Jefferson on the stand
But it didn't go well for him. He claimed the FBI intimidated him when they interviewed him during the raid -- even though he's a member of Congress and a Harvard-educated lawyer, both of which tend to make him unlikely to be intimidated.
He said the FBI agents yelled and swore at him -- even though they apparently weren't loud enough to wake up his sleeping wife and daughter.
The prosecution said the day before that he made a bunch of phone calls during the raid, which would indicate that he was hardly coerced or intimidated. Jefferson denied it. The prosecution responded by brandishing phone records showing various calls from his house that day. It's unclear from the story, however, if the calls were made during or after the interview, which began at around 7 a.m.; the main phone call is from 8:29 a.m.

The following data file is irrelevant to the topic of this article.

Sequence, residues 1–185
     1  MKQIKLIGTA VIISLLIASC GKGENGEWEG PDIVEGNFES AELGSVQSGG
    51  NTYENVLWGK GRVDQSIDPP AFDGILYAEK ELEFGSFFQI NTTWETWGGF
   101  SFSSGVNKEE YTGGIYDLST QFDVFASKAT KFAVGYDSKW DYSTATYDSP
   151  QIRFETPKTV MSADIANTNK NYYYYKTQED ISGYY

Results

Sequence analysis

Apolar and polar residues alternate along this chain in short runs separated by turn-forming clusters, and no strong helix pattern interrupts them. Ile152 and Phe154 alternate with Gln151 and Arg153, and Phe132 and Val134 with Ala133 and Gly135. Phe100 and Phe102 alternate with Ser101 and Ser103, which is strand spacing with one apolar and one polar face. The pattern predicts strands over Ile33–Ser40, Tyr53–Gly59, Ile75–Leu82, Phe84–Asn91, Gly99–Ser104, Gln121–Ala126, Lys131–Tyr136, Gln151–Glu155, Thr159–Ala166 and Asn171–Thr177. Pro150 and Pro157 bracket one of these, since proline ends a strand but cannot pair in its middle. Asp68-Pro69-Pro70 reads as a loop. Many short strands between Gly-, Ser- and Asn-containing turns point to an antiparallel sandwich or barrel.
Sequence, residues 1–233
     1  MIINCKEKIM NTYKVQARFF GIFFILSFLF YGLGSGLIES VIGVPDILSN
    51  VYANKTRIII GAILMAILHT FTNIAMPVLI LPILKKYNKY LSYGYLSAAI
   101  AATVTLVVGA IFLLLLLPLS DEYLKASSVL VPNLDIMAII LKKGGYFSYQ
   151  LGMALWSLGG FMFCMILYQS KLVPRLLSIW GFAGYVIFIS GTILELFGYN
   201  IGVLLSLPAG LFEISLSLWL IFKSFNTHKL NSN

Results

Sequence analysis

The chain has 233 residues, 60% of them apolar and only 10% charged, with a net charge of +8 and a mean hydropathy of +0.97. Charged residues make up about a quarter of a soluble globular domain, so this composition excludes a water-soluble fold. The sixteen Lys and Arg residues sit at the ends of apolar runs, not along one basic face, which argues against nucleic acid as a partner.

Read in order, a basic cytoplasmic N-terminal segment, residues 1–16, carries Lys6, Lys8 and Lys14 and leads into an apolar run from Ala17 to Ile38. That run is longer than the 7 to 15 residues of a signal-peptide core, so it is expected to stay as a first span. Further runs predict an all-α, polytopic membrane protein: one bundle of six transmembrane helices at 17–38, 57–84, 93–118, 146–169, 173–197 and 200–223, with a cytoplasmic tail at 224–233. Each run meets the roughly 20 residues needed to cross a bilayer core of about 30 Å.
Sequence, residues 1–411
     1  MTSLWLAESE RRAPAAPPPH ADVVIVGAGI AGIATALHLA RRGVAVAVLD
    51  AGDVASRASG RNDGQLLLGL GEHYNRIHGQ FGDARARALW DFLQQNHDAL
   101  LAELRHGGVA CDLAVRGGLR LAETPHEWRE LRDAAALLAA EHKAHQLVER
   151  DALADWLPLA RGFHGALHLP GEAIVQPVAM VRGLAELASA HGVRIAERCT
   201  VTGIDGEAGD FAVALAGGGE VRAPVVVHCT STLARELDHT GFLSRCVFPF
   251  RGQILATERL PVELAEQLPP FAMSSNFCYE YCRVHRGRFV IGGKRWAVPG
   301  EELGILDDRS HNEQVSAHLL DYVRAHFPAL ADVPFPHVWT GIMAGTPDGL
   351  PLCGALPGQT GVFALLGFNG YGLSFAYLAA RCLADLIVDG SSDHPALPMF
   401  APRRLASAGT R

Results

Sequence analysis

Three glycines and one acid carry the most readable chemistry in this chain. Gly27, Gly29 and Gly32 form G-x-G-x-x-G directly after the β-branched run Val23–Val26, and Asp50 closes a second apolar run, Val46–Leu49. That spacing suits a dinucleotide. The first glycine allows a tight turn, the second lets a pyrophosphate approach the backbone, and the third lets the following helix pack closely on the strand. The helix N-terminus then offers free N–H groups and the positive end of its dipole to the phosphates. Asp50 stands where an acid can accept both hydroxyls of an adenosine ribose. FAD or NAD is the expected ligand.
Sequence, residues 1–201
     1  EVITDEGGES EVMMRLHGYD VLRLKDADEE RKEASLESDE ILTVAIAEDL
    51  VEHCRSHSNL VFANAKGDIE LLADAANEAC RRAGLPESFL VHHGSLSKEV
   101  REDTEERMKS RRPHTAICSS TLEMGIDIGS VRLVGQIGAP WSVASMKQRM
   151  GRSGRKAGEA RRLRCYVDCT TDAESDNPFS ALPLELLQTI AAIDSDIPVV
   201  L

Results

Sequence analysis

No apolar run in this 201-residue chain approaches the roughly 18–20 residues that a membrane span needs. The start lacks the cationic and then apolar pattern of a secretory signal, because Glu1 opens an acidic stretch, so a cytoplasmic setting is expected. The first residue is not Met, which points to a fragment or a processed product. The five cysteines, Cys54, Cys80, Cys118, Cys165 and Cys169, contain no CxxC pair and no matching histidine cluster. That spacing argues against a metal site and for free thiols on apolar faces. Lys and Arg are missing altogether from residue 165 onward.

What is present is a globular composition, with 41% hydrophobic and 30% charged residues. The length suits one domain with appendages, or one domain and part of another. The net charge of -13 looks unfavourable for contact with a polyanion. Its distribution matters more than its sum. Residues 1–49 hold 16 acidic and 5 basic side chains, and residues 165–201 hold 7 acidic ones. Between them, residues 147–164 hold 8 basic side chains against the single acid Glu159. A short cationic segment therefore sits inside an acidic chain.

In any case, what you have here is not a man vigorously defending his innocence, but a man trying to suppress damning evidence against him, notably the $90,000 they found in his freezer. That is an important legal right -- the police are not allowed to use illegally collected evidence -- but it hardly burnishes his claims of no wrongdoing.
Jefferson, politics, midtopia